On Tuesday night’s episode of Raising Hope – titled “Burt Rocks” – Jason Lee reunites with My Name is Earl creator Greg Garcia on his new television venture. In it, Lee will play hair-band rocker Smokey Floyd. Smokey is character Burt Chance’s (Garret Dillahunt) music idol and in this new episode he will be rocking out at an event called Grocery-Palooza.
Lee, currently starring in TNT’s Memphis Beat, took part in a conference call on Monday to discuss his guest spot on Fox’s hit comedy.
Given his history of playing musicians in both film and TV, I asked him about the importance of music in his life and for him to fill us in on his musical tastes.
“Music is something I listen to every day, I play guitar and I’m always fiddling about. I listen to everything from classic rock to John Coltrane to The Pixies to Hank Williams. It’s a part of how I wake up in the morning and go to bed at night.”
As for the preparation required for playing a rock star, Lee says it was a challenge first to let it all go for the role, even if it was a slightly ridiculous role.
“It’s difficult at first. Musicians are a special breed, they let it all hang out and just go for it. Even with something silly like Smoky Floyd, you just have to let it all hang out and not really care because rock stars are the ultimate care-free spirits. In the case of Smoky Floyd, you have to make a complete ass of yourself.”
Highlights from the call follow, which should give us a good idea of what to expect from the former My Name Is Earl star for Raising Hope, and into the future.
On the cast of Raising Hope and re-teaming with Greg Garcia:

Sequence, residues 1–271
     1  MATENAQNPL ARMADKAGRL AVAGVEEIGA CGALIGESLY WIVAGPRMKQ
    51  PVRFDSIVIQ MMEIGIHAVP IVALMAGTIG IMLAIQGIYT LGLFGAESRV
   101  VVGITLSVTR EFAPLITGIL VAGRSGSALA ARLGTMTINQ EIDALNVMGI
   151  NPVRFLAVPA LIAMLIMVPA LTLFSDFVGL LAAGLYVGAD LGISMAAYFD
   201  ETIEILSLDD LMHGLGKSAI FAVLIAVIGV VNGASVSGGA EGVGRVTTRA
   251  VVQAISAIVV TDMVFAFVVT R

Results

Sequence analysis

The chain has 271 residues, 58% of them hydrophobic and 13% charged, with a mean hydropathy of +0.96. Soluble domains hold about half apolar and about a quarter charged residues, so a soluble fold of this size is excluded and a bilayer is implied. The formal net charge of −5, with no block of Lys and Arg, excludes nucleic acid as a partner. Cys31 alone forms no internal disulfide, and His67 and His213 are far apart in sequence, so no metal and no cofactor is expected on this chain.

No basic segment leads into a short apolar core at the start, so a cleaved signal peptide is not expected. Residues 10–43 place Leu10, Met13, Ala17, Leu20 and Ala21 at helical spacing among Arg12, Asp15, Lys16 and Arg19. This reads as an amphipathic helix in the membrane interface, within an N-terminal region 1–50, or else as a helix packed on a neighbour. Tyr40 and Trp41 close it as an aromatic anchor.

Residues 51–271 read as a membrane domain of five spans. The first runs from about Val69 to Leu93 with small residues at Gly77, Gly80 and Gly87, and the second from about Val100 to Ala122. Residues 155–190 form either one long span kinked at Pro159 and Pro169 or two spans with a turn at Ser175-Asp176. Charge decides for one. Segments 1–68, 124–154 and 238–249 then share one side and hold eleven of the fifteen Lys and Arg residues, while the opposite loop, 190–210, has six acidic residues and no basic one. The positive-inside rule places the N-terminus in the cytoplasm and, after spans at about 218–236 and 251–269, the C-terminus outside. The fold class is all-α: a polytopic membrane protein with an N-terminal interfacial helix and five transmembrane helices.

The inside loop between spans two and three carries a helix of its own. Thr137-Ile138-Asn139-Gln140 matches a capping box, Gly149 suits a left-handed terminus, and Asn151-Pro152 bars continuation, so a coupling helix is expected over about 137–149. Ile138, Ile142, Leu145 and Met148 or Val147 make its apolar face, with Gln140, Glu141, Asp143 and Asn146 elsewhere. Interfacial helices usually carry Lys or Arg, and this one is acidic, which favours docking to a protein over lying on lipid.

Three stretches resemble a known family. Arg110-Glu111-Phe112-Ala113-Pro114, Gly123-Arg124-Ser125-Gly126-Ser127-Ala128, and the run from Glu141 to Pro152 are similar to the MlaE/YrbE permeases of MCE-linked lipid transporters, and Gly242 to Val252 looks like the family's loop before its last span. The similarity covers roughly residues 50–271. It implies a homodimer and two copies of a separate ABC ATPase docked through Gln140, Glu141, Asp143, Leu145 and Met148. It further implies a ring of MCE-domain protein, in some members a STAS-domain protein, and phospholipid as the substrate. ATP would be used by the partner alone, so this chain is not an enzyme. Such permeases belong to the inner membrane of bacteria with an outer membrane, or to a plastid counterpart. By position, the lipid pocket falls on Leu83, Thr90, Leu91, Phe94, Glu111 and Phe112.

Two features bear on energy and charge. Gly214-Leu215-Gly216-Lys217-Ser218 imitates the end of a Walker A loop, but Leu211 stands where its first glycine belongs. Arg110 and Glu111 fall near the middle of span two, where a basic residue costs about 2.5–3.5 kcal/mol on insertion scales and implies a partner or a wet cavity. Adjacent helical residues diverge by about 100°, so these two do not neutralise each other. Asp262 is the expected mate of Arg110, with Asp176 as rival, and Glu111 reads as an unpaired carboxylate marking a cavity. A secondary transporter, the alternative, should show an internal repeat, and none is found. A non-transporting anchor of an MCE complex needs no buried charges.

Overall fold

“It was sort of a reunion of: Greg Garcia, writers, crew members… just having fun. It was like going back to camp. They are all extremely talented. How strange it was that I was going on a set that was just like Earl, but it was their own well-oiled machine. They’re good solid people, light-hearted. I got a really good vibe. Raising Hope has a lot of good Karma.”
On the role of Smoky, and thoughts on the episode:
“You feel for him even though you hate him. He’s annoying and full of himself. I like playing characters with likability, even though they are just jerks. It was like doing an SNL skit… but this episode is very redeeming. I like when people maintain the same style and don’t think they look older but they do, who wears the same clothes as the 80s because he thinks he’s badass. I tried to pull a lot of comedy out of the fact that he looks like a lizard. I made him one of those ridiculously obnoxious people that you love to hate. I hope it’s a redeeming quality.”
On whether Memphis Beat is a preparation for Smoky Floyd:
“Maybe Memphis Beat is a preparation. All those episodes prepared me, but it’s a totally different character… one is likable and one’s an idiot.”
On the hair and makeup required for Smoky:
“I went from bad-ass to even badder-asser. It was three hours in makeup, a lot of work… I even took a photo as it was such good work. I’m not used to dressing like that. I would walk around the set and forget that I looked like a ridiculous rock star.”
On if there were a movie about his life, who he’d want to play him:
“I’m stumped. No funny or witty comeback.”
On the potential of any more half-hour comedies:
“This made me miss what I had on Earl, but it was a lot of hectic work. It was nice seeing the Earl memorabilia on set. I said to Greg, ‘If you do this again, I’d want back in.’ It was an easy decision to do this one character.”
On his preference between drama and comedy roles:
“Just when I think I love exploring Memphis Beat and making it better, [after] playing this part on Raising Hope [I find] that comedy is the best thing. But it’s good to mix it up.”
On being a fan of Raising Hope:
“I’ve watched every episode. I love that there’s a redeeming quality to it. It’s a beautiful thing.”
As for future TV projects, Jason is working on a pilot for Adult Swim, and I asked him if he could let us in on any details. “It takes place in the skateboarding world, I’m starring in it and directing the pilot episode in December. Adult Swim is doing an 11-minute episodic comedy series and if we get picked up we’ll be one of them. It’s very twisted and it’s very out there. Not much is done in that world, and I get to play with that. We’re gearing up to shoot that in a few weeks.”
Raising Hope airs Tuesdays @9pm, on FOX